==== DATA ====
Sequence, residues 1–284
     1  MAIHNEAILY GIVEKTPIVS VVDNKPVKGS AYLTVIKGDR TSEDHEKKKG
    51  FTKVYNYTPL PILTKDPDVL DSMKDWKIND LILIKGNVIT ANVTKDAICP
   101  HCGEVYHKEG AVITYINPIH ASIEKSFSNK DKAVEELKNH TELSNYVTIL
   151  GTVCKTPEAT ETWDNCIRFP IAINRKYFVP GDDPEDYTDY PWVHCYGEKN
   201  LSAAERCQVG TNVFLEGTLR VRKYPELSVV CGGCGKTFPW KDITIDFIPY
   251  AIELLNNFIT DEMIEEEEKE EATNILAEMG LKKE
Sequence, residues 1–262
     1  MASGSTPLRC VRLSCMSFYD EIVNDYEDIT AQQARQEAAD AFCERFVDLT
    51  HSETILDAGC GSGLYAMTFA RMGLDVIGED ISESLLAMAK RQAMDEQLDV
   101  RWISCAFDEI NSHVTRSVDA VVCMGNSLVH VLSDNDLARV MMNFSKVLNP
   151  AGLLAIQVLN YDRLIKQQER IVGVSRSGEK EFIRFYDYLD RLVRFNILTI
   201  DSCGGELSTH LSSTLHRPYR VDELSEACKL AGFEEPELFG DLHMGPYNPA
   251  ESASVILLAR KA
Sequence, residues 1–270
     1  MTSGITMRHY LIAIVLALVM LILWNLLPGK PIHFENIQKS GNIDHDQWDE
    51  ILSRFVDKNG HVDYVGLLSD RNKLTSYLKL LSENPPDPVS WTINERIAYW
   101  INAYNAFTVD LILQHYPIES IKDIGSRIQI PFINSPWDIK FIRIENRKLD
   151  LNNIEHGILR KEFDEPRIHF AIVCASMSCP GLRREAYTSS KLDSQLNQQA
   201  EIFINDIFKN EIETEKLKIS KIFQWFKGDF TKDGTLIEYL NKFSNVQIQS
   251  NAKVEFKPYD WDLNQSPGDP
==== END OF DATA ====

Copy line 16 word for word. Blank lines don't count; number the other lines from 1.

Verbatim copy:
     1  MTSGITMRHY LIAIVLALVM LILWNLLPGK PIHFENIQKS GNIDHDQWDE